It all began on 12 March, 1993 when a series of 13 car bombs shook the city of Bombay which injected an ever-lasting sense of fear and instability into the lives of mumbaikars. The story never ended. It repeated in 2002, many more in 2003, again in 2006, the 26/11 attack in 2008 and once again terror has revisited the city on July 13, 2011 claiming the lives of as many as 18 innocent civilians.
The 1993 Bombay bombings allegedly masterminded by Dawood Ibrahim with the help of Pakistani intelligence agency, Inter-Services Intelligence (ISI) has been viewed as a retaliation to the Hindu-Muslim riots in Bombay in the fall-out of the Masjid demolition. The single-day terror attack, said to be the most destructive bomb explosions in Indian history, killed 250 people and injured 700.
The next terror strike in Mumbai was on 6 December 2002 which marked the 10th anniversary of the demolition of the Babri Mosque. The attack that killed two people and injured 28 was the first one in a series of five bombings in the city within a period of eight months.
The year 2003 witnessed as many as 4 blasts in the city killing nearly 65 people. The first one was on January 27 in Vile Parle railway station that killed one person and injured 28. Barely 2 months from this attack, another bomb went off on 14 March in a train at Mulund Station which claimed the lives of 10 people and injured 70. Mumbai's busy Lal Bahadur Shastri Marg in Ghatkopar was the next target and the blast killed 4 people on July 28. The worst was not over yet for the year and on 25 August 2003, the twin car bombings that rocked the business capital of the country killed 54 and injured 244 people.
Three years later on 11 July 2006, a series of seven bombs were exploded over a period of 11 minutes on the Suburban Railway. 209 people were killed and over 700 were injured in the deadly attack carried out by Lashkar-e-Toiba and Students Islamic Movement of India (SIMI).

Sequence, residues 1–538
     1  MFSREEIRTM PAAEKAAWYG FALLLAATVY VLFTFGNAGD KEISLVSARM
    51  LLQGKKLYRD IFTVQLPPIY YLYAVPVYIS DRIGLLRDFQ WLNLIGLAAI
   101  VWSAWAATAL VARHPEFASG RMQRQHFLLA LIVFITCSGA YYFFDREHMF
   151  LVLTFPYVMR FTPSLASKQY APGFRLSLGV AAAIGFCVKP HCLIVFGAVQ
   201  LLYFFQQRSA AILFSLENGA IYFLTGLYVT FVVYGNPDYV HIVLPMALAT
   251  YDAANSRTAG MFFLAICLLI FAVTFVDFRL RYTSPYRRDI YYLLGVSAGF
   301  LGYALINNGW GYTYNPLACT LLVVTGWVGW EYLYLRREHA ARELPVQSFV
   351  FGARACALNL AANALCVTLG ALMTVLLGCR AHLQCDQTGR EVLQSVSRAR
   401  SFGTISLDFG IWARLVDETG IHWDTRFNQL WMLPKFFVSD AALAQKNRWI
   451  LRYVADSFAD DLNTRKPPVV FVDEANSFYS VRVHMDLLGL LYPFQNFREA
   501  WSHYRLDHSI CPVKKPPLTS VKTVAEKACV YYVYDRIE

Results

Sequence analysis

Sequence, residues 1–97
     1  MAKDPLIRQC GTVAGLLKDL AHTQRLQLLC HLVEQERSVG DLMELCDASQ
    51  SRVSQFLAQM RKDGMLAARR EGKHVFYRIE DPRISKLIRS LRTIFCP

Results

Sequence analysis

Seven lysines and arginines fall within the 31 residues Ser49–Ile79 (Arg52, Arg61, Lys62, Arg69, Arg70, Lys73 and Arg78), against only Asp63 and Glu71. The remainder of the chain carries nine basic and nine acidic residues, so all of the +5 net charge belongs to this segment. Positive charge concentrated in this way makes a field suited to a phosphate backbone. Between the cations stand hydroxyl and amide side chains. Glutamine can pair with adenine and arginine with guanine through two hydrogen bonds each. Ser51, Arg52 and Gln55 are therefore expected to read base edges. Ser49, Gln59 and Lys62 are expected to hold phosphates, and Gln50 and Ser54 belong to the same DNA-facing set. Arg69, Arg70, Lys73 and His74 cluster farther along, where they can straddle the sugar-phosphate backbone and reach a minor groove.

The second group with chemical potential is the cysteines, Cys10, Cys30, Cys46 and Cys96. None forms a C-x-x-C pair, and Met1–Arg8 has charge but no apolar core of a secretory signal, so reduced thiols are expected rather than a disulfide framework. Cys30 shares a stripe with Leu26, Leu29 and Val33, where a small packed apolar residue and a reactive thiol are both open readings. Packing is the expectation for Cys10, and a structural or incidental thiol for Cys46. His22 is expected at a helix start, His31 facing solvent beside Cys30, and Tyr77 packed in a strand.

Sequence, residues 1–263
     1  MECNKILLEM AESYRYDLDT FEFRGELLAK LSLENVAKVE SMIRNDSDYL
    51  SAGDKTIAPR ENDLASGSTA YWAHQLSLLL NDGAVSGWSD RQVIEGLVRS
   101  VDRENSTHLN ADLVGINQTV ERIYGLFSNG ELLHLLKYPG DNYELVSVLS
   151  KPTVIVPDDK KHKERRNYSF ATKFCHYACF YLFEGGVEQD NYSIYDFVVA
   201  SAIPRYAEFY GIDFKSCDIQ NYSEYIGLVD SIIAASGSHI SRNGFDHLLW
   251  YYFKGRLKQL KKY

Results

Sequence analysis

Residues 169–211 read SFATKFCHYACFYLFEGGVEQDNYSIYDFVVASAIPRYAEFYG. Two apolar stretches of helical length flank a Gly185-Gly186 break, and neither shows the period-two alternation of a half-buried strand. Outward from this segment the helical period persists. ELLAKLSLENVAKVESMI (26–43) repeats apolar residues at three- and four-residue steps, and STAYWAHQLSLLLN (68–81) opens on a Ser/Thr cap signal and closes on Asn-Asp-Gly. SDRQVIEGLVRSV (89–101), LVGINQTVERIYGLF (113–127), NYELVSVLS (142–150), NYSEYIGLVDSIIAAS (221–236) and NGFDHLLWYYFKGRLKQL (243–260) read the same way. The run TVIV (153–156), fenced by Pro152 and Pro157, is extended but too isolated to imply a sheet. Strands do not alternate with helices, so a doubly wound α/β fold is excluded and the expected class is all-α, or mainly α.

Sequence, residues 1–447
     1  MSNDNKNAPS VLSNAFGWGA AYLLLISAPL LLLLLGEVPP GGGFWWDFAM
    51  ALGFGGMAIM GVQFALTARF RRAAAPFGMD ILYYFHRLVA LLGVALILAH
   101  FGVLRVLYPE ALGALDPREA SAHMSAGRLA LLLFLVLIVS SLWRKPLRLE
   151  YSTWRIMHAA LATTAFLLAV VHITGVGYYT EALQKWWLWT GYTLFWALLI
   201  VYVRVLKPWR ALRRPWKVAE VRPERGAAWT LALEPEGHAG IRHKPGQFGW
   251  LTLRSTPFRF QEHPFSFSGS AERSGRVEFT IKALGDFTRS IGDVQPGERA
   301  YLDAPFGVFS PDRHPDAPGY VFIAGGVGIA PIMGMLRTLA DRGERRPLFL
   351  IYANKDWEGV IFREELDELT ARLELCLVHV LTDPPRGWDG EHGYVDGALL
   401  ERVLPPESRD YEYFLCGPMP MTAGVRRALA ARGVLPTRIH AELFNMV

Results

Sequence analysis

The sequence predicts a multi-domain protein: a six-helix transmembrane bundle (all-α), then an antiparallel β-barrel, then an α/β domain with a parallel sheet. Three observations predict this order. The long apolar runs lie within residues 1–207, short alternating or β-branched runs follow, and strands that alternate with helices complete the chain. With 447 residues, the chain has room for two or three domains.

The 26/11 attack in 2008 was a real shock for the mumbaikars as the attackers who invaded from Pakistani seawaters kept the financial capital of India under siege for three days. The assault included 10 coordinated shooting and bombing attacks across the city killing 164 people and injuring at least 308. There was a public outcry against the politicians and the police force for their ineptness in preventing such attacks.
In a burst of overconfidence, Home Minister P Chidambaram boasted of the first six months of 2011 being "most peaceful" in the last decade on July 6, 2011. However, the latest blasts came just a week from then killing 18 people and wounding 81.
Don't we have a permanent solution to tackle this menace? The repeated attacks in Mumbai points to the fact that our counter-terrorism methods are incompetent to the core and our intelligence agencies are not able to provide appropriate inputs at the right time. There has always been this blame game after each terror strikes; however, not many are happy with the way they function.
We need to learn many lesions from the excellent counter-terrorism efforts by the U.S. government which has been successful to prevent any further terror attack since the 9/11 terror attacks in 2001.